This Article addresses the rise of "co-religionist commerce" in the United States—that is, the explosion of commercial dealings that take place between co-religionists who intend their transactions to achieve both commercial and religious objectives. To remain viable, co-religionist commerce requires all the legal support necessary to sustain all other commercial relationships. Contracts must be enforced, parties must be protected against torts, and disputes must be reliably adjudicated.
Under current constitutional doctrine, co-religionist commercial agreements must be translated into secular terminology if they are to be judicially enforced. But many religious goods and services cannot be accurately translated without religious terms and structures. To address this translation problem, courts could make use of contextual tools of contract interpretation, thereby providing the necessary evidence to give meaning to co-religionist commercial agreements. However, contextual approaches to co-religionist commerce have been undermined by two current legal trends—one in constitutional law, the other in commercial law. The first is New Formalism, which discourages courts from looking to customary norms and relational principles to interpret commercial instruments. The second is what we call Establishment Clause Creep, which describes a growing judicial reticence to adjudicate disputes situated within a religious context. Together, these two legal developments prevent courts from using context to interpret and enforce co-religionist commercial agreements.
This Article proposes that courts preserve co-religionist commerce with a limited embrace of contextualism. A thorough inquiry into context, which is discouraged by both New Formalist and many Establishment Clause doctrines, would allow courts to surmise parties' intents and distinguish commercial from religious substance. Empowering the intent of co-religionist parties and limiting the doctrinal developments that threaten to undermine co-religionist commerce can secure marketplace dealings without intruding upon personal faith.
Thousands of American cities and towns are responding to social problems like bullying, drug abuse, and criminality by passing ordinances that hold individuals responsible for the wrongful acts of their family members and friends. Parental liability ordinances impose sanctions on parents when their children engage in bullying or other targeted behaviors; mandatory terms in rental housing leases require the eviction of tenants whose family members, friends, or guests engage in unlawful acts; and nuisance ordinances require evictions when a threshold number of calls to police is exceeded, even though such calls are often related to another person's wrongful or abusive behavior.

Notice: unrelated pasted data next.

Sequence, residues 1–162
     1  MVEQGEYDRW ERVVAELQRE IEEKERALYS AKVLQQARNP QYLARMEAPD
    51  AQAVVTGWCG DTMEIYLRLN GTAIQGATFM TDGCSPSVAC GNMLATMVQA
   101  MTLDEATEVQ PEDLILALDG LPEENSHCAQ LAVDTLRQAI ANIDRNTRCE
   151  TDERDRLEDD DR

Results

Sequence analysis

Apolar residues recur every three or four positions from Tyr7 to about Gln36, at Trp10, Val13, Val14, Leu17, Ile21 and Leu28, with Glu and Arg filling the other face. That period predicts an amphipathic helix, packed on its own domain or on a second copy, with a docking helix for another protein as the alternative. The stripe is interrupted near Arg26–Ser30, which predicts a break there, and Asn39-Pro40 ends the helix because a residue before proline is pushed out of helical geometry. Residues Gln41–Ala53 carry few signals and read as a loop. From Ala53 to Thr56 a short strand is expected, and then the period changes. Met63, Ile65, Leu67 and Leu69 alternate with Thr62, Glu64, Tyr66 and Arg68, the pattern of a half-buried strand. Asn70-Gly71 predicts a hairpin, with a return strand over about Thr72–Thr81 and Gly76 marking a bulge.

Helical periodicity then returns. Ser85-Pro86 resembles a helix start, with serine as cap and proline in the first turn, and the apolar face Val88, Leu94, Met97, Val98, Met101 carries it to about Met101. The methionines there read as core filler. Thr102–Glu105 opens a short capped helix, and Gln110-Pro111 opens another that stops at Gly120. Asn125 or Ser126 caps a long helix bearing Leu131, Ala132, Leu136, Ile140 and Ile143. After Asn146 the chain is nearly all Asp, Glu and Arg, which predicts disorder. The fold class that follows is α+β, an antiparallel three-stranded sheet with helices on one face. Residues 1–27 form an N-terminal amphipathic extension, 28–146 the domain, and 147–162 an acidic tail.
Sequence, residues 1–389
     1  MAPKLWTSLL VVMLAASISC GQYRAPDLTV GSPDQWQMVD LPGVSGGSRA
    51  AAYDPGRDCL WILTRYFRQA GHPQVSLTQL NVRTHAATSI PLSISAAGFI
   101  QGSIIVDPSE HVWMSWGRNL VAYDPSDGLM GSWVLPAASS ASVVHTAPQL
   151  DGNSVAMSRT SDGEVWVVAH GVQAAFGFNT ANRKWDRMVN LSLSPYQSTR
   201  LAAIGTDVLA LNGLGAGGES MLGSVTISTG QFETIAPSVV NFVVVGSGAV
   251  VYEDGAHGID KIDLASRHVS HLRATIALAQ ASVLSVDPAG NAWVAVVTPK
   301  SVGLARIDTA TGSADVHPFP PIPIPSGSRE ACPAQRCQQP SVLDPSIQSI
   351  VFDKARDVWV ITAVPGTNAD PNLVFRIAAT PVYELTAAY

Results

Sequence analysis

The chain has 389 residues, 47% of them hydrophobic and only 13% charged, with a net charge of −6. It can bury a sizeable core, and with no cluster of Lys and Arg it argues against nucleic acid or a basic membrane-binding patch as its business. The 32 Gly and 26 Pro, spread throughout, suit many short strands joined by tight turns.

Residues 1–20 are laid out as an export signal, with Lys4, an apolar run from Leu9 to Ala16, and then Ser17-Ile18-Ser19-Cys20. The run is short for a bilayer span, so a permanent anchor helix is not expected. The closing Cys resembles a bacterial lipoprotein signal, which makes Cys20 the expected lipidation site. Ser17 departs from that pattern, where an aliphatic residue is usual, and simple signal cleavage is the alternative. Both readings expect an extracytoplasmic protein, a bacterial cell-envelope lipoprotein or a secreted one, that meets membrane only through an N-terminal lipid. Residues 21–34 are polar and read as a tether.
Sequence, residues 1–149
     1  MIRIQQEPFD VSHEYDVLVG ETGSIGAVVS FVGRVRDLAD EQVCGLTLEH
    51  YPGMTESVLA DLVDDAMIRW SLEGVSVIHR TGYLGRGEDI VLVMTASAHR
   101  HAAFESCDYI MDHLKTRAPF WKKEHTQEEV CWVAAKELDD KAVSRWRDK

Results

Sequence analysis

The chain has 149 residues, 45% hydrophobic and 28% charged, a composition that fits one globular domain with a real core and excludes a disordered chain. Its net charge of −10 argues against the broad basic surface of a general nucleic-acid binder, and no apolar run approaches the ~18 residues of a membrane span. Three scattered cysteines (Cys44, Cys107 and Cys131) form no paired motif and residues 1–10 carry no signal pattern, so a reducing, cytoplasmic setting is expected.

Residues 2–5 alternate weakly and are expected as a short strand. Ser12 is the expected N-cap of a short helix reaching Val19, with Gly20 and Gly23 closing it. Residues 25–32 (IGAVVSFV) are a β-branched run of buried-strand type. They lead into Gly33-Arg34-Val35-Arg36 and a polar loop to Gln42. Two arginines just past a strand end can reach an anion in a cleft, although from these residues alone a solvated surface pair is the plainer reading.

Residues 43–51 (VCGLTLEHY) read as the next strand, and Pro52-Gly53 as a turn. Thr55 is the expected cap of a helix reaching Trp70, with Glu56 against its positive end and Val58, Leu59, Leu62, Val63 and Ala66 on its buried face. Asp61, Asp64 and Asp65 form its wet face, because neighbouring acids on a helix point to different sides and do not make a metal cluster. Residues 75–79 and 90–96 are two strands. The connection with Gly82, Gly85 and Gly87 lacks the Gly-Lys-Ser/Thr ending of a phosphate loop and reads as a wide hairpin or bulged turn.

Cities typically rely on home rule authority to pass these ordinances, and these ordinances in turn create new "home rules" for the households affected. These new home rules are a form of third-party policing, and through them, the city is becoming an increasingly significant player in governing families and regulating intimate spaces. These home rules cut against the standard understanding of the home as mostly private and self-governed, and instead configure it as a site of state-required risk management and crime prevention. In so doing, these ordinances destabilize families and disrupt kinship structures, regardless of whether one is able to comply with them or not. Further, the ordinances allocate the burdens of preventing crime and managing risk in a manner inflected with gender, race, and class issues. Fortunately, the dynamism of localism can promise a better solution to the social problems that prompted these ordinances in the first place.
In the notorious "Cannibal Cop" case, New York police officer Gilberto Valle was accused of conspiring to kidnap, kill, and eat various women of his acquaintance. Valle claimed a "fantasy defense," arguing that his expression represented not conspiracy agreement, but fantasy role-play. His conviction and subsequent acquittal raised questions about the freedom of speech, thoughtcrime, and the nature of conspiracy law. Because the essence of conspiracy is agreement, it falls into the category of crimes in which pure speech is the actus reus of the offense. This Note argues that as a result, conspiracy cases in which the fantasy defense is implicated pose special due-process and First Amendment dangers, and concludes that these dangers can be mitigated by a strengthened overt-act requirement.
The Americans with Disabilities Act explicitly excludes "compulsive gambling" from its definition of disability, thus denying gambling addicts protection from employer discrimination based on their disorder. Since the enactment of the ADA, however, scientific understandings of gambling disorder have evolved to view the condition as an addiction, rather than as a compulsion or impulse-control disorder. This move is mirrored in the DSM-5's reclassification of gambling disorder under the category of "substance-related and other addictive disorders."
This Note contends that gambling disorder would qualify as a "disability" under the ADA, were it not for the disorder's current statutory exclusion. This Note therefore recommends that the ADA be amended to bring gambling disorder within its coverage. Such a change would not only reflect recent developments in the field of addiction psychology, but would also further the ADA's underlying purpose—to protect individuals with disabilities from workplace discrimination.